Cheever AW 1986. The intensity of experimental schistosome infections modulates hepatic pathology. Am J Trop Med Hyg35: 124-133.
Cheever AW, Duvall RH, Hallack Jr TA 1984. Differences in hepatic fibrosis and granuloma size in several strains of mice infected with Schistosoma japonicum. Am J Trop Med Hyg33: 602-607.
Cheever AW, Duvall RH, Hallack Jr TA, Minker RG, Malley JD, Malley KG 1987. Variation of hepatic fibrosis and granuloma size among mouse strains infected with Schistosoma mansoni. Am J Trop Med Hyg37: 85-97.
Cheever AW, Finkelman FD, Caspar P, Heiny S, Macedonia JG, Sher A 1992. Treatment with anti-IL-2 antibodies reduces hepatic pathology and eosinophilia in Schistosoma mansoni-infected mice while selectively inhibiting T cell IL-5 production. J Immunol148: 3244-3248.
Cheever AW, Finkelman FD, Cox TM 1995. Anti-interleukin-4 treatment diminishes secretion of Th2 cytokines and inhibits hepatic fibrosis in murine schistosomiasis japonica. Parasite Immunol17: 103-109.
Cheever AW, Xu Y, Sher A, Finkelman FD, Cox TM, Macedonia JG 1993. Schistosoma japonicum-infected mice show reduced hepatic fibrosis and eosinophilia and selective inhibition of IL-5 secretion by CD4+ cells after treatment with anti-IL-2 antibodies. Infect Immunity61: 1288-1292.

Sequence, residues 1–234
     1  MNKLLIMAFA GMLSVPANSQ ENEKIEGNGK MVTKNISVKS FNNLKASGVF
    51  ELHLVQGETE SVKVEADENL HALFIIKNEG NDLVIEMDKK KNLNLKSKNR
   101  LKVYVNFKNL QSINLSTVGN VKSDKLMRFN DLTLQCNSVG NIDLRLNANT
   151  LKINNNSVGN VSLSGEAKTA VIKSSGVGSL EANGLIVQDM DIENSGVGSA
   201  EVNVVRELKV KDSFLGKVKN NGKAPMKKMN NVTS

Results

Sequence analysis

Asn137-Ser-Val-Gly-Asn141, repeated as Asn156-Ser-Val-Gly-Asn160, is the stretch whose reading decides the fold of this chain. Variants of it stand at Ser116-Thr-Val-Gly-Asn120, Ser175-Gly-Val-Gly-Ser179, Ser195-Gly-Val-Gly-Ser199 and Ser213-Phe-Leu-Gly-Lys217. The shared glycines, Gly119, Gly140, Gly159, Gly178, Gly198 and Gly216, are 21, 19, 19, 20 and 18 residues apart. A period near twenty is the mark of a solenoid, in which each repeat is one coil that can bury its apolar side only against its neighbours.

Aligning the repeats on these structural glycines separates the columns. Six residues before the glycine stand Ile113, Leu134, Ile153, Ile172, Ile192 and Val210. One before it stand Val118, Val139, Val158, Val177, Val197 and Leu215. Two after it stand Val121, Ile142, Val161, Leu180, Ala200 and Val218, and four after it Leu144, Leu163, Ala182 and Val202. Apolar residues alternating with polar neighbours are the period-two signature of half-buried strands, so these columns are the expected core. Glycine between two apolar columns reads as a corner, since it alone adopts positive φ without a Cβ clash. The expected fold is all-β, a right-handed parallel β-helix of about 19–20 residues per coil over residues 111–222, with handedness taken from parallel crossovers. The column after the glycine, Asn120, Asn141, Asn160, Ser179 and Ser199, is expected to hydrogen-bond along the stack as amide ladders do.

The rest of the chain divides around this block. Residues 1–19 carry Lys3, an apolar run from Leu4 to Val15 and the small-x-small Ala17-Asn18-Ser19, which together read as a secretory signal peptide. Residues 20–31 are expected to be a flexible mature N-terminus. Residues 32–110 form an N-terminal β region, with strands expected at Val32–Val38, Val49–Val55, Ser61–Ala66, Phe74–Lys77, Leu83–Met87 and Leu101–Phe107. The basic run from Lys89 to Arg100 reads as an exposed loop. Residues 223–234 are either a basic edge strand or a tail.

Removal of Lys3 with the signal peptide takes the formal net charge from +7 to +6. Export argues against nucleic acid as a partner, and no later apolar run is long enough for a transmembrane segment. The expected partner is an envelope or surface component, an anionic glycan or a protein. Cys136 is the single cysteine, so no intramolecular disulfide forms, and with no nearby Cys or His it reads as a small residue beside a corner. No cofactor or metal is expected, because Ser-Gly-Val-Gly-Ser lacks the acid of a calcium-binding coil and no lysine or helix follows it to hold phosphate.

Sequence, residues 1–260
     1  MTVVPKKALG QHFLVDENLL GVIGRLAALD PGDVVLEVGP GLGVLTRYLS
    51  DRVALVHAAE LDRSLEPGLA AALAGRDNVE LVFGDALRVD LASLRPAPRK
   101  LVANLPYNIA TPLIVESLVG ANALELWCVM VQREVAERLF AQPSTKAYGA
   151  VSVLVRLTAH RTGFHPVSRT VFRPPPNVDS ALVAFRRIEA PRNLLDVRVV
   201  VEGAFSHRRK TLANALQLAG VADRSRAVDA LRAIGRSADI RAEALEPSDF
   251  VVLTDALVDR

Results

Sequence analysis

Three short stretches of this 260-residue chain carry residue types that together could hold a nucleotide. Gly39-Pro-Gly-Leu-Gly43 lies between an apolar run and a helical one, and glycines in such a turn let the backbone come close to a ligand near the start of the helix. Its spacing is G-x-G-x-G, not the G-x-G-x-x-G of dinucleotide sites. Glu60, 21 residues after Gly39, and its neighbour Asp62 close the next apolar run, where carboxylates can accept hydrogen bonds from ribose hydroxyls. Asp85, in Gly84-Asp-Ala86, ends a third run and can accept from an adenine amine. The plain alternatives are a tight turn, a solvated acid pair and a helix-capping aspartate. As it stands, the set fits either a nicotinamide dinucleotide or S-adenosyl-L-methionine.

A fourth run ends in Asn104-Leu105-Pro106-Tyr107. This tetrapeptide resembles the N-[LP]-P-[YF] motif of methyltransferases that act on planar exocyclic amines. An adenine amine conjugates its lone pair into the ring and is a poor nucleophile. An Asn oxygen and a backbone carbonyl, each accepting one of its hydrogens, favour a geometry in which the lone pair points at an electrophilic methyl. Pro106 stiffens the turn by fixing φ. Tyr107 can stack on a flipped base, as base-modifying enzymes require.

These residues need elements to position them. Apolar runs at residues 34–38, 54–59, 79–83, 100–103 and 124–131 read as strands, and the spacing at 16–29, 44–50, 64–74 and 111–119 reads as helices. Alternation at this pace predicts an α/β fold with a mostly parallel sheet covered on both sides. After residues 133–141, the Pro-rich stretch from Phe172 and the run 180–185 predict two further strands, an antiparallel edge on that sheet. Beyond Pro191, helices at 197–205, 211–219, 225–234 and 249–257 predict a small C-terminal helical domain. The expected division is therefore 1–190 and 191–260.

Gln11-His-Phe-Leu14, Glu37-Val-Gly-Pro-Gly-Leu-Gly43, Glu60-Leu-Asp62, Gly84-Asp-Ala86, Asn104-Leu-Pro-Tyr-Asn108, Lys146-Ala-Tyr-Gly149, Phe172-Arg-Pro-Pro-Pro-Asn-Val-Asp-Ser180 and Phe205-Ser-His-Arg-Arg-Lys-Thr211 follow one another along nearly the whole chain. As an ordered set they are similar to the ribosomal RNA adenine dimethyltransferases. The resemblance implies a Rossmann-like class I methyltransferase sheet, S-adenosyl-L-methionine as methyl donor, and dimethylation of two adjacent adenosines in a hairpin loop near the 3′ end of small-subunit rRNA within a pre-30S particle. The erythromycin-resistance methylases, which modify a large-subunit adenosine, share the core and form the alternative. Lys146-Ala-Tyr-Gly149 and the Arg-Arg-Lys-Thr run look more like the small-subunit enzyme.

Cheever AW, Williams ME, Wynn TA, Finkelman FD, Seder RA, Cox TM, Hieny S, Caspar P, Sher A 1994. Anti-IL-4 treatment of Schistosoma mansoni-infected mice inhibits development of T cells and non-B, non-T cells expressing Th2 cytokines while decreasing egg-induced hepatic fibrosis. J Immunol153: 753-759.
Dunn MA, Kamel R, Kamel IA, Biempica I, El Kholy A, Hait PK, Rojkind M, Warren KS, Mahmoud AAF 1979. Liver collagen synthesis in schistosomiasis mansoni. Gastroenterol76: 978-982.
Fayol V, Hassanein HI, El-Badrawy N, Ville G, Hartmann DJ 1991. Aminoterminal propeptide of type III procollagen: a marker of disease activity in schistosomal patients. Eur J Clin Chem Clin Biochem9: 737-741.
Hirata M, Kage M, Takushima M, Fukuma T 1993. Different courses of granulomatous reactions around S. japonicum eggs in three strains of mice. J Parasitol79: 266-273.
Hood AT, Boros DL 1980. The effect of splenectomy on the pathophysiology and egg-specific immune response of Schistosoma mansoni-infected mice. Am J Trop Med Hyg29: 586-591.
Mincis M, Braga LLC, Russo EMK, Novo NF, Juliano Y 1990. Serum type III procollagen peptides in patients with hepatointestinal and compensated hepatoesplenic schistosomiasis forms. Arq Gastroenterol São Paulo27: 24-29.
Monteiro A, Borojevic R 1995. Complement-dependent induction of DNA-synthesis and cell-proliferation in human liver connective-tissue cells in-vitro. In Vitro Cellular Dev Biol-Animal31: 149-155.